Virginia, on the other hand, is quite quiet this episode. After Masters showed her incredibly private footage to a forum of dozens upon dozens of people, I was expecting a huge blow up; we don't get one. What we do get is Virginia's incredible sense of hurt at not being credited in his study. We see this most in something she mentions to her adorable bespectacled child: "Sometimes it takes helpers to do great things."
Oh, and let's not forget about Ethan. He's gone for most of the episode, but that doesn't stop him from popping the question. Using her characteristic charm, she jokes her way out of answering right away. He acquiesces, but not before declaring, "Whatever kind of life you want for yourself ... for your kids .. is yours." Is woman-punching Ethan still in there? Or can we chalk it up to character development? Either way, we never get her answer.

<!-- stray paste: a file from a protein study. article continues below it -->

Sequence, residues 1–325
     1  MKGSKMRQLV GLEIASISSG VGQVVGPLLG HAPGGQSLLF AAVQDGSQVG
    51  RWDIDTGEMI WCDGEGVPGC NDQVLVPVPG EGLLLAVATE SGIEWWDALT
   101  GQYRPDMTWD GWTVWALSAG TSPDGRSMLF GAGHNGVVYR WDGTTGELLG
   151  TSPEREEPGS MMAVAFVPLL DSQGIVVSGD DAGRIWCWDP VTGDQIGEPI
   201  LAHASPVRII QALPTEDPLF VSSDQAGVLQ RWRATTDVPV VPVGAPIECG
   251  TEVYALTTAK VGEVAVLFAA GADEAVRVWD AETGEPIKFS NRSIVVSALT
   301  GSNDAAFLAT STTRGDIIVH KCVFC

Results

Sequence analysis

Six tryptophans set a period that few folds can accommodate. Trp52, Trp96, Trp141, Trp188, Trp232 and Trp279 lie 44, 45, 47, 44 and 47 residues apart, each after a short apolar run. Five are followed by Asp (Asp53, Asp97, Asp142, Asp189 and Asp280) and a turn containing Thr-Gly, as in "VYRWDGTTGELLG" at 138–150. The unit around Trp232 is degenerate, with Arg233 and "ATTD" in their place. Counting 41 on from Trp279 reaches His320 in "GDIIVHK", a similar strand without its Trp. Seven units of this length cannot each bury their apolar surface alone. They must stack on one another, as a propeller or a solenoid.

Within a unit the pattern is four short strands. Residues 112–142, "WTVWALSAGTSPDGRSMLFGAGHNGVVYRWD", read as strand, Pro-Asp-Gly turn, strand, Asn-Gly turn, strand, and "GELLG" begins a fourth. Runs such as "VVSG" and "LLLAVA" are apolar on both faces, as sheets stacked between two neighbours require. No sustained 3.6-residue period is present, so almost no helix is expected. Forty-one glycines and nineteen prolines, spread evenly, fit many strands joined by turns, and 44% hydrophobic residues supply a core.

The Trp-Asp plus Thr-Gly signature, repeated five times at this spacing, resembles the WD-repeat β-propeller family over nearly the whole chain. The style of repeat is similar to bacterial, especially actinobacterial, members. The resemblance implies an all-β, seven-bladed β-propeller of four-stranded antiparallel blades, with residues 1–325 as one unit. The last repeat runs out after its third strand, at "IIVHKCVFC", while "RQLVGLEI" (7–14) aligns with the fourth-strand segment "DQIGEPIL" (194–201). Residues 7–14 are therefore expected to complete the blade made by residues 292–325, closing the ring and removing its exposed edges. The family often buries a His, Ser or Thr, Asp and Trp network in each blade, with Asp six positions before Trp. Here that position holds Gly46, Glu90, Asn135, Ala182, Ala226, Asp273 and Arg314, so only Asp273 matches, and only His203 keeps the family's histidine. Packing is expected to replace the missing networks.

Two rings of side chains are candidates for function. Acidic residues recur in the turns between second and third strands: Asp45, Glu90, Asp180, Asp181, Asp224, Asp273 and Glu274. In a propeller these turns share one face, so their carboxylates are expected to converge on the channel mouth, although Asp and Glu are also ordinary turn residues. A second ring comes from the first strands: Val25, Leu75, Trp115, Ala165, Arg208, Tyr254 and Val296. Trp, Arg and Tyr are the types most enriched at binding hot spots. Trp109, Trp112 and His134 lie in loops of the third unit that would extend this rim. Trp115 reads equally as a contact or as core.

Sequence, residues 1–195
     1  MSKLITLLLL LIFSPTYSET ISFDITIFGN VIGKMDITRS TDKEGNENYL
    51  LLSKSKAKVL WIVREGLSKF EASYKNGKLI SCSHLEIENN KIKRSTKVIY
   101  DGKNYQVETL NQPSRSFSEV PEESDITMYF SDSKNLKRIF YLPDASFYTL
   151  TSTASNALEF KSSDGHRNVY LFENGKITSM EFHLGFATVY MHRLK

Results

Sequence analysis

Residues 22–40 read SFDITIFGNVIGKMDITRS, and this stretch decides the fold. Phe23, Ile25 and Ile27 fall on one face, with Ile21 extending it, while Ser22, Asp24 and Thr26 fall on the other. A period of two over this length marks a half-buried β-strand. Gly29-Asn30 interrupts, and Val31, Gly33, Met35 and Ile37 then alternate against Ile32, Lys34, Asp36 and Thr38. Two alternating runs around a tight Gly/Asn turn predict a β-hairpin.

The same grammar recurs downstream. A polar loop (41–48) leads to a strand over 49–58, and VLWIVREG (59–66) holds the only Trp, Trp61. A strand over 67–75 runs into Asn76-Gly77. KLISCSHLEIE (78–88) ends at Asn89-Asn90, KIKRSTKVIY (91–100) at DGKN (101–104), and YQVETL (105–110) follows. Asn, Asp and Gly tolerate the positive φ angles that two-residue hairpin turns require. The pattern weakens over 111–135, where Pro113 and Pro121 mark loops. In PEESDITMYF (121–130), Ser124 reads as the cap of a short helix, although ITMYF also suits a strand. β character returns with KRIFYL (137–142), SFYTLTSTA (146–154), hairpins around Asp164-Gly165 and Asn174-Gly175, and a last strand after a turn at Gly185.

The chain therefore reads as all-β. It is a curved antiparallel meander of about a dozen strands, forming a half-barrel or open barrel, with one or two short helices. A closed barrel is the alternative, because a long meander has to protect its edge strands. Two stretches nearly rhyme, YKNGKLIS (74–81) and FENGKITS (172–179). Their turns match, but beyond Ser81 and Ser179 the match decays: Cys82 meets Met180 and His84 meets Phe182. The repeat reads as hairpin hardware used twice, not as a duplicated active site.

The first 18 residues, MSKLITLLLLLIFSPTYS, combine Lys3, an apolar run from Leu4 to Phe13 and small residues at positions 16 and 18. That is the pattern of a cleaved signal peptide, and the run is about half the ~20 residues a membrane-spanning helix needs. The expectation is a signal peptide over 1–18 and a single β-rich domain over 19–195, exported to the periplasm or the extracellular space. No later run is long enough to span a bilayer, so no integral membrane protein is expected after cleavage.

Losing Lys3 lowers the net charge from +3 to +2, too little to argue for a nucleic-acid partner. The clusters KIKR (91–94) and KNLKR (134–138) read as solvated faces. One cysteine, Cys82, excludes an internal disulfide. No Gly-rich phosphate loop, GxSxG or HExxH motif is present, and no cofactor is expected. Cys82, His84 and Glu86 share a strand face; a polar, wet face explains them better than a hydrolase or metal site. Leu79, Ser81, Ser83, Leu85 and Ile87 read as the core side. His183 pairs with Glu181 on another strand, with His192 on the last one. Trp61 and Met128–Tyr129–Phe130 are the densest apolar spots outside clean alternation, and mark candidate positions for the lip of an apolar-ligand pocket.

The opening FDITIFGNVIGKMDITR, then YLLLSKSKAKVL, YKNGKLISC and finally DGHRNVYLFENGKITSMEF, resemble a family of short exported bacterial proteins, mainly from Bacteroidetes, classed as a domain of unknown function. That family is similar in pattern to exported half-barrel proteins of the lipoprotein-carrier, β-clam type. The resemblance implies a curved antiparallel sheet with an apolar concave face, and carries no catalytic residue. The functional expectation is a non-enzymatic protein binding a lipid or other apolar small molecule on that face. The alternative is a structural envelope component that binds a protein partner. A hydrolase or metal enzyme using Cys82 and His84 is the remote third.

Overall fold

As the episode draws to a close, Jane hands Virginia a copy of the study and plot twist! Masters did credit her. She's at home reading it, when double plot twist: a bereft Masters shows up at her door. (In the rain. Just like in The Notebook!). After telling her that the study is over for good (well, we'll see), he tells her she earned her co-authorship, and that – oh boy – "There's one thing I can't live without. It's you." Fade to black.
Now, there's nothing to do but wait until it comes back nearly a year from now.